Rebound Re*bound" (r[-e]*bound"), v. i. [Pref. re- + bound: cf. F. rebondir.] 1. To spring back; to start back; to be sent back or reverberated by elastic force on collision with another body; as, a rebounding echo. [1913 Webster]

Bodies which are absolutely hard, or so soft as to be void of elasticity, will not rebound from one another. --Sir I. Newton. [1913 Webster]

2. To give back an echo. [R.] --T. Warton. [1913 Webster]

3. To bound again or repeatedly, as a horse. --Pope. [1913 Webster]

4. to recover, as from sickness, psychological shock, or disappointment. [PJC]

{Rebounding lock} (Firearms), one in which the hammer rebounds to half cock after striking the cap or primer. [1913 Webster]

The Collaborative International Dictionary of English. 2000.


Look at other dictionaries:

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  • Rebound — (englisch für Abprall, Rückprall oder abprallen, zurückprallen) steht für: das Fangen des Balls nach einem missglückten Korbversuch, siehe Rebound (Basketball) Effekte, die das Einsparpotenzial von Effizienzmaßnahmen reduzieren oder ganz… …   Deutsch Wikipedia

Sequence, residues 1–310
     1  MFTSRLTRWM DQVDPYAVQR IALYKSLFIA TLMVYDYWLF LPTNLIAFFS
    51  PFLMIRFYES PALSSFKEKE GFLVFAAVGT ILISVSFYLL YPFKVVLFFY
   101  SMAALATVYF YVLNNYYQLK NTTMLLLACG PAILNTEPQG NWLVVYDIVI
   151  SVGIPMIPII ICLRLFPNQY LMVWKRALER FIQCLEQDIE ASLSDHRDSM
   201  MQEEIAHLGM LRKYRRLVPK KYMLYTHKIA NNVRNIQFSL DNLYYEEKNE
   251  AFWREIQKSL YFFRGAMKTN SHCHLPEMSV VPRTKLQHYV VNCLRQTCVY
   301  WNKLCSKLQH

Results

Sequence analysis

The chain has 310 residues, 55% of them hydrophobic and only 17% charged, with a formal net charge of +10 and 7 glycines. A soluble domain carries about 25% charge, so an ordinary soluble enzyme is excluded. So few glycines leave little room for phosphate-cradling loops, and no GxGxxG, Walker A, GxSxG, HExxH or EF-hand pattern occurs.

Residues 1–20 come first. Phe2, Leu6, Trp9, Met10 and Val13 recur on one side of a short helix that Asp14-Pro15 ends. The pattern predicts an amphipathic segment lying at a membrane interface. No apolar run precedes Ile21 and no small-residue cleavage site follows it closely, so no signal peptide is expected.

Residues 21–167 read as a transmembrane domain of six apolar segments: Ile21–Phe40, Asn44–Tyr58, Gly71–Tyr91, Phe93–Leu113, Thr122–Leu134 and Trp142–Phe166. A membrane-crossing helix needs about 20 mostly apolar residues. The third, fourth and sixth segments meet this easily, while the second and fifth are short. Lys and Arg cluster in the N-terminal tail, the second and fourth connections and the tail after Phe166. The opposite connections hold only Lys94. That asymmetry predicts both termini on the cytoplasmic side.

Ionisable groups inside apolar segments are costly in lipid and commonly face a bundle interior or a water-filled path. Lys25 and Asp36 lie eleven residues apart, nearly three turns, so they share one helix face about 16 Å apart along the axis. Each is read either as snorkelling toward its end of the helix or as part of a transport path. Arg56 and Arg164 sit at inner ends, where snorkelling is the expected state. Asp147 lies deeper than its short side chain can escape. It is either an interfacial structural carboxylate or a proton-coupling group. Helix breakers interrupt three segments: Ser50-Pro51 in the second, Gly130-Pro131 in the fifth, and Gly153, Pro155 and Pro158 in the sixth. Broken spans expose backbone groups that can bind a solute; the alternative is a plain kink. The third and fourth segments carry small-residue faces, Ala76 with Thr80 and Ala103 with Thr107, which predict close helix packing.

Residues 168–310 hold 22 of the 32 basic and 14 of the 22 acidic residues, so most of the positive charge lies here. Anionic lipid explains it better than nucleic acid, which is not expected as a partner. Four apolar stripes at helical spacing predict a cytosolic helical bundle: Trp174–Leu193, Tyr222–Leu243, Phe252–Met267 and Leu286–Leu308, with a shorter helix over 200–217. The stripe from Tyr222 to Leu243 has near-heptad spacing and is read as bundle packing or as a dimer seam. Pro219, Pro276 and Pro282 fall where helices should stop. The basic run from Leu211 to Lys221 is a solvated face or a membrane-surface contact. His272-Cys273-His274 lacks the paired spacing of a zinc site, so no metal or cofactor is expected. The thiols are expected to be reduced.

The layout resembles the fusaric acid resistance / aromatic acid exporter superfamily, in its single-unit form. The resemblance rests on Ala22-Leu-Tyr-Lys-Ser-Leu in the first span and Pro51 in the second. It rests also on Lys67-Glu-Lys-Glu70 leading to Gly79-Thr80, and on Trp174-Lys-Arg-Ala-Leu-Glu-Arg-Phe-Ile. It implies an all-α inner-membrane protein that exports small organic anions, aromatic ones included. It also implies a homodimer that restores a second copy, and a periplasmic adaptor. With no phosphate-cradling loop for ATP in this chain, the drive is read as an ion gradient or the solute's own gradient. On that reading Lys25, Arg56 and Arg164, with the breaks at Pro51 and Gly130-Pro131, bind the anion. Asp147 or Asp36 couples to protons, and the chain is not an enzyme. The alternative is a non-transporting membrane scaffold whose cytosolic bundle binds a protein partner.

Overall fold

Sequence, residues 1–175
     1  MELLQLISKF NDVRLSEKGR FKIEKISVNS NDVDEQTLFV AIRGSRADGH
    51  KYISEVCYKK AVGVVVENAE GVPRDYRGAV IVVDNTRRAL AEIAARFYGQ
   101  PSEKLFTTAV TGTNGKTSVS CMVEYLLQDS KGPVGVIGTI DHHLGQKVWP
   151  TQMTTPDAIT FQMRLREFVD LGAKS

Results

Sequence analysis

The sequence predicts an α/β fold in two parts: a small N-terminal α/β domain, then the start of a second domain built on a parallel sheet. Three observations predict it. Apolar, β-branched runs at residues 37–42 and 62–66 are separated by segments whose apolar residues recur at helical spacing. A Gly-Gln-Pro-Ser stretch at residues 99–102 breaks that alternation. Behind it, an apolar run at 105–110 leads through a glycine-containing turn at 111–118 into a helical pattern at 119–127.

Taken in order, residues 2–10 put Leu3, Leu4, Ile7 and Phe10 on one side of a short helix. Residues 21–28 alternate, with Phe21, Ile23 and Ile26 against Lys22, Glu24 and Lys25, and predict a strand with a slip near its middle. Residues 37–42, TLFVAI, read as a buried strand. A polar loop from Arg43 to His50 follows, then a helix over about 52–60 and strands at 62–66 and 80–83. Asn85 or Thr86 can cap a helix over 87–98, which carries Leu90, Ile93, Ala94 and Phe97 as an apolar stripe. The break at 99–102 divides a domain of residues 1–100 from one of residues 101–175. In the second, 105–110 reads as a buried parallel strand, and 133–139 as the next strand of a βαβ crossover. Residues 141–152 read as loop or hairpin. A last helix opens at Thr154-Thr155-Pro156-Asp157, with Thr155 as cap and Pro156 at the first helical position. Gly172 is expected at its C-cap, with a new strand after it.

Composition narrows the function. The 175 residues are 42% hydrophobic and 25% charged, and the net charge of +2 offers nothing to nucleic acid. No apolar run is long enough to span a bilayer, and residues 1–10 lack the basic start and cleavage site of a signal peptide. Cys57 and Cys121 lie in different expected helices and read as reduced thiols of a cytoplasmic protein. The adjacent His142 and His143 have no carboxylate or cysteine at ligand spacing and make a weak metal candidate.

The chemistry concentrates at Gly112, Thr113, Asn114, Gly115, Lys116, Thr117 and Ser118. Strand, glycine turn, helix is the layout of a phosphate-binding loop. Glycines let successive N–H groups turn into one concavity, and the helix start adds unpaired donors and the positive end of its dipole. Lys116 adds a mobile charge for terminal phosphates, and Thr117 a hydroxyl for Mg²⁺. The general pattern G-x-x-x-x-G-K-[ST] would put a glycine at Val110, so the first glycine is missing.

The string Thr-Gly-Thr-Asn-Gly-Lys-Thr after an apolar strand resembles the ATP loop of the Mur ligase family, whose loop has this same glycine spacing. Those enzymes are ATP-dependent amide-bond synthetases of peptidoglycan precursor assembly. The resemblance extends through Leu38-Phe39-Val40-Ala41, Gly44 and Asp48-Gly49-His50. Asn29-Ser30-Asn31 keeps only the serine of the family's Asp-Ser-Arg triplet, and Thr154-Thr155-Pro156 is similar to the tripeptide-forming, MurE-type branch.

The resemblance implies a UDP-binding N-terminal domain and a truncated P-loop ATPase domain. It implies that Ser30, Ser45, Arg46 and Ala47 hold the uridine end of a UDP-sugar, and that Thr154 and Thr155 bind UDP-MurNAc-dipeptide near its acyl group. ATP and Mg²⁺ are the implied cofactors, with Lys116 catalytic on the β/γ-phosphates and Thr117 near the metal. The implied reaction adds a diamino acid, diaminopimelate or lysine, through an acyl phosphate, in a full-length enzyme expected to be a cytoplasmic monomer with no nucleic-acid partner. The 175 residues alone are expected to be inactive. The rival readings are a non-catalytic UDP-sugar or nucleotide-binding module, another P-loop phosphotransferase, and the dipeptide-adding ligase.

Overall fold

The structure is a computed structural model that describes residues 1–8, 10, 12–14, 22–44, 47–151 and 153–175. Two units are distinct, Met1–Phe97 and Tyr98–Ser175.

• rebound — ► VERB 1) bounce back after hitting a hard surface. 2) recover in value, amount, or strength. 3) (rebound on/upon) have an unexpected adverse consequence for. ► NOUN 1) a ball or shot that rebounds. 2) an instance of recovering in value, amount,… …   English terms dictionary

  • rebound — [ri bound′; ] also, and for vi. 4 & n. usually [, rē′bound΄] vi. [ME rebounden < OFr rebondir] 1. to bound back; spring back upon impact with something 2. to reecho or reverberate 3. to leap or spring, as in recovery [his spirits rebounded ] ☆ …   English World dictionary

  • rebound — rebound, reverberate, recoil, resile, repercuss are comparable when they mean to spring back to an original position or shape. Rebound basically implies a springing back after a collision or impact {the ball readily rebounds when thrown against a …   New Dictionary of Synonyms

  • Rebound — Re*bound , n. 1. The act of rebounding; resilience. [1913 Webster] Flew . . . back, as from a rock, with swift rebound. Dryden. [1913 Webster] 2. recovery, as from sickness, psychological shock, or disappointment. [PJC] …   The Collaborative International Dictionary of English

  • Rebound — Re*bound , v. t. To send back; to reverberate. [1913 Webster] Silenus sung; the vales his voice rebound. Dryden. [1913 Webster] …   The Collaborative International Dictionary of English

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